Fixed Income Allocation: Where? | CFA Institute Enterprise Investor

Covid-1 – Induced recession and bond yields How will investors change their fixed income portfolios to take advantage of the impending economic recovery as the US economy finally recovers?

Most assume that as the United States emerges from the recession, there is no better place to allocate their debt. But, in fact, our analysis reveals that international and emerging markets may benefit the most from increasing consumer demand in the US.

In fact, during the economic recovery in the United States, emerging market debt করেছে both corporate and sovereign-US-based debt করেছে has risen by more than 8 percentage points per year, much more than in recession or “normal times”.

The monthly returns of all USD mutual funds across multiple asset classes dating back to 1990 are the culmination of our experiment.

Following the NBER classification of the business cycle, we have isolated four recessions over the last 30 years: July 1990 to March 1991, March 2001 to November 2001, December 2007 to June 2009, and February 2020 current. We then analyzed how the average fixed income mutual funds of each grouping performed during this recession, the next two years of this recession and the “normal time”.

Which is the best?

Emerging markets Emerging markets are sovereign International International Sovereign
US recovery 18.78% 15.45% 11.54% 14.47%
Normal times 10.08% 5.96% 3.65% 3.68%
The US recession 9.45% 3.15% 3.91% 3.59%

The US is long-term US Intermediate US short-term US Mooney US corporate
US recovery 10.74% 10.46% 6.19% 10.50% 11%
Normal times 7.23% 4.48% 3.09% 4.61% 6.17%
The US recession 6.88% 7.01% 6.13% 7.97% 7.78%

We have seen emerging market debt do better in the first two years after the US recession than at any other time. The average emerging market debt fund increased by 9.33 percentage points, 18.78% vs. 9.45%, on an annual basis during the US economic recovery compared to the US recession.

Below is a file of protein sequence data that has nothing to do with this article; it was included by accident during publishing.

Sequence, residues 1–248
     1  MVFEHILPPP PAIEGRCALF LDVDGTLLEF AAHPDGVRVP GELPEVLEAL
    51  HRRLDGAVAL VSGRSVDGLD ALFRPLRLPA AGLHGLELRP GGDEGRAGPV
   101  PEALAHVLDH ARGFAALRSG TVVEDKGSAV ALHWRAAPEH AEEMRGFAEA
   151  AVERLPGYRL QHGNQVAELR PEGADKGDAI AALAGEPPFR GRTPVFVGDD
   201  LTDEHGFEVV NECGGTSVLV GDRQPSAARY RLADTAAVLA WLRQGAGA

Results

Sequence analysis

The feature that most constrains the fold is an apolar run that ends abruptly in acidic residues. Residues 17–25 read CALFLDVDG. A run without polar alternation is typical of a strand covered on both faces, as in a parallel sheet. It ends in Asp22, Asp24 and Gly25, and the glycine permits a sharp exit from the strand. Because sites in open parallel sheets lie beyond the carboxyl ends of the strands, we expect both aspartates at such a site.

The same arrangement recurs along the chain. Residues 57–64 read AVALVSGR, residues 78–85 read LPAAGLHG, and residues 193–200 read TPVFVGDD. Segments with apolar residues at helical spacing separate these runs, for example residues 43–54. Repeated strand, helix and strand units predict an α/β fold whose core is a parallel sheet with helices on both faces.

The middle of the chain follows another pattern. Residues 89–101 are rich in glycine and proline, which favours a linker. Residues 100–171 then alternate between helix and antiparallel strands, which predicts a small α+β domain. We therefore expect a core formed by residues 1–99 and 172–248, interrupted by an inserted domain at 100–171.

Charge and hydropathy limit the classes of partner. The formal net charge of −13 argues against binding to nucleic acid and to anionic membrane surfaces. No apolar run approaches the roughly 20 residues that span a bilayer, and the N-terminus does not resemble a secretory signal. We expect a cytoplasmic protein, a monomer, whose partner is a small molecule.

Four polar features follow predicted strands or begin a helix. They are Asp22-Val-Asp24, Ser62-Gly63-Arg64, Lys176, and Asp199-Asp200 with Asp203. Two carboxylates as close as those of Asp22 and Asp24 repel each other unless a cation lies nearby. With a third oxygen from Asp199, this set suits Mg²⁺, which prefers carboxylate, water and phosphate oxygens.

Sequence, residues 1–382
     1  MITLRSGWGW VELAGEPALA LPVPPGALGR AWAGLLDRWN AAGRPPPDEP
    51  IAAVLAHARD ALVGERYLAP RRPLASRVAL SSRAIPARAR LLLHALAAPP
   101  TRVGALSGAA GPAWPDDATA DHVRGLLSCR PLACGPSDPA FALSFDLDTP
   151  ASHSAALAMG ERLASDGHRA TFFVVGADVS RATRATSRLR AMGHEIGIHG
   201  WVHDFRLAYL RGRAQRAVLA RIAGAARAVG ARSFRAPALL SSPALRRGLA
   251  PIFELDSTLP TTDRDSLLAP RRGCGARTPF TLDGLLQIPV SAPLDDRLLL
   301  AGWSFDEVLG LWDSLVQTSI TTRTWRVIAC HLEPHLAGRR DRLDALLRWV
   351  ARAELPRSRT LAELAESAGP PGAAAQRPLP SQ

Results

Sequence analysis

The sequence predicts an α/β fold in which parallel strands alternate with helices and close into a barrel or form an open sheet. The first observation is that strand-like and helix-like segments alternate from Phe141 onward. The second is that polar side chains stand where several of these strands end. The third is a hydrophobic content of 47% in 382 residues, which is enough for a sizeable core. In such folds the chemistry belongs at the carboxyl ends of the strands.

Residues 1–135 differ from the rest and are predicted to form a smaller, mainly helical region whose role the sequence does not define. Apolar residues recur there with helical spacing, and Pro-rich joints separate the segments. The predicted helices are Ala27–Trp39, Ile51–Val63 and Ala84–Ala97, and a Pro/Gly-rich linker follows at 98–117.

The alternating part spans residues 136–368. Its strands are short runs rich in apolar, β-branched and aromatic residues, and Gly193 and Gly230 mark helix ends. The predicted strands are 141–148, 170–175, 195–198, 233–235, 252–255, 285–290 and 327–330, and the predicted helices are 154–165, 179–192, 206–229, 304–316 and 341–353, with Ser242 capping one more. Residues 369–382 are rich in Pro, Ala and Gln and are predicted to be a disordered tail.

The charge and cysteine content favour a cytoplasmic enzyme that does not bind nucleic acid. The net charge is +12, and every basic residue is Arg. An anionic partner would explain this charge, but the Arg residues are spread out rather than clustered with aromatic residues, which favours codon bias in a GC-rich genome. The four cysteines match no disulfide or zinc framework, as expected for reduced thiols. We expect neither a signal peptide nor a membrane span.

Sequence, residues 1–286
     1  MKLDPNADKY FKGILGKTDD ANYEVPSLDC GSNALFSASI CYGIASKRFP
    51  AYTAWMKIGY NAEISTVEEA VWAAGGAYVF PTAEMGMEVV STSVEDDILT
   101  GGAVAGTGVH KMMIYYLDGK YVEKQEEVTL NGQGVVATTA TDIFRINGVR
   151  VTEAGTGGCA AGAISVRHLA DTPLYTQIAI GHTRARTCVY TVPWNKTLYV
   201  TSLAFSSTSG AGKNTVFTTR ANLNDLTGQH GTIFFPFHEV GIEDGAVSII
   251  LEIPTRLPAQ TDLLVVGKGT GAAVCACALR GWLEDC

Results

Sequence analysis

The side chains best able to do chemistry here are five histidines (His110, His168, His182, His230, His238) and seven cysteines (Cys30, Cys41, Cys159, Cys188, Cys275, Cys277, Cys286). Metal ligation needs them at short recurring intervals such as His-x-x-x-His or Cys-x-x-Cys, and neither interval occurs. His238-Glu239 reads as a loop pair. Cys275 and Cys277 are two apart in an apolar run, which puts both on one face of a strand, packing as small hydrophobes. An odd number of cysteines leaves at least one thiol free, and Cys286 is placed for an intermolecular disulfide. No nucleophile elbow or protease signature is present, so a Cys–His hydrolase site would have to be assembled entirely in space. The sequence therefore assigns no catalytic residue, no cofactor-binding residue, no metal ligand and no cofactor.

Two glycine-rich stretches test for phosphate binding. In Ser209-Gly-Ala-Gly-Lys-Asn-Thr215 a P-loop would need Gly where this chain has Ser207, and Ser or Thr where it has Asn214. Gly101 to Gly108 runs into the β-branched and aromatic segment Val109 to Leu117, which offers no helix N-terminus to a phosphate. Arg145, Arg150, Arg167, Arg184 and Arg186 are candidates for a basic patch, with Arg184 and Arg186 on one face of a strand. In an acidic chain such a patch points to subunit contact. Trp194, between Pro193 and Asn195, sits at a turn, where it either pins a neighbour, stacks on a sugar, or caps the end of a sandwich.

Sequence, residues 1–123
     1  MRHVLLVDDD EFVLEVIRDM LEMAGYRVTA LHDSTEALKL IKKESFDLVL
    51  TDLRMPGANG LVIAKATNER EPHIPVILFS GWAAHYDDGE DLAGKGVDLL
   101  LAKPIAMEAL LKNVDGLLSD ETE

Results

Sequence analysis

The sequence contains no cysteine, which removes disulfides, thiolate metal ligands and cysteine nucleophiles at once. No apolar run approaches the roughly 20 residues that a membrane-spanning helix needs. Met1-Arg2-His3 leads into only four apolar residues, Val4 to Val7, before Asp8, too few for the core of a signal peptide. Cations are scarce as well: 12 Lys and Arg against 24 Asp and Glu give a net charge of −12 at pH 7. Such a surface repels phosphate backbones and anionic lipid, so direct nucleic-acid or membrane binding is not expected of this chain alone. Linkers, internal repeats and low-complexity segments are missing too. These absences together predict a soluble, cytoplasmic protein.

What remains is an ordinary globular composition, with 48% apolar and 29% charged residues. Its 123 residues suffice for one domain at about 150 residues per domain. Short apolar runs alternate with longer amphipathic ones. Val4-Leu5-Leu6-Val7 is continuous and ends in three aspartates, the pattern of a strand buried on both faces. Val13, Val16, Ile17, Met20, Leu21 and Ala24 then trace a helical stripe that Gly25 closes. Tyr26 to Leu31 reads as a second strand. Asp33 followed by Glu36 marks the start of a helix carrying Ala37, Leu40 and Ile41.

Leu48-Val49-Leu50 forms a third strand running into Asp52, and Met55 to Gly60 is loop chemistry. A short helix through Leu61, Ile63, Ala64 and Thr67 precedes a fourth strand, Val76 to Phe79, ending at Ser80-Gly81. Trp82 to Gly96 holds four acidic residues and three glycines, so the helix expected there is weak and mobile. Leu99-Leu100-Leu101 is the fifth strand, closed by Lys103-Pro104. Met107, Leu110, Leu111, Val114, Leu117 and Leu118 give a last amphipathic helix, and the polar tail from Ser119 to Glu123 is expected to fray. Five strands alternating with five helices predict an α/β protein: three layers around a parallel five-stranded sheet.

Not only did emerging market debt funds do the best job as the U.S. economy revived, they also surpassed all U.S.-centric fixed-income funds during this period. These include high-risk and high-interest-sensitive funds. For example, risky U.S. long-term bond funds during the U.S. economic expansion downgraded their emerging market peers by 8.04 percentage points annually, from 18.78% to 10.74%.

This dynamics exists for specialized mutual funds in sovereign emerging markets. During a recession, these mutual funds offer an average annual return of 3.15%. Of all the types of debt we investigated – US, international and emerging markets – this was the lowest average income during the recession.

During the period when the United States is recovering, however, the same mutual funds have returned an average of 15.45% per year – higher than other asset classes during this expansion.

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As the U.S. economy finally declines after 2020, it may seem normal to place bets on U.S. resources in general and U.S.-centric debt in particular. After all, why shouldn’t they benefit as the domestic economy improves?

But smart money managers may have a different perspective and they can focus their persistent income perspective on a more forward, emerging and international market.

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All posts are the author’s opinion. As such, they should not be construed as investment advice, or the opinions expressed must not reflect the views of the CFA Institute or the author’s employer.

Photo Credit: © Getty Images / Jamie Grill

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Derek Horstmeyer

Derek Horstmeyer is a professor at George Mason University School of Business, an expert on exchange-traded funds (ETFs) and mutual fund performance. He currently serves as the new director of financial planning and asset management at George Mason and established the first student-led investment fund at GMU.

Mohnad Aldail

Mohnad Aldail is a recent graduate of George Mason University School of Business and a major in economics and a minor. He is currently pursuing a CFA degree and is a candidate for the CFA Level I exam. He has interests in asset management, public equity and private equity. He hopes to secure a position as an investment analyst.

Ethan Ionanu

Ethan George Yanno is the current senior at George Mason University, ready to graduate in December 2021. After graduation, he plans to join a firm’s M&A and evaluation consulting team. His interests include private equity, factor investment and asset pricing models.

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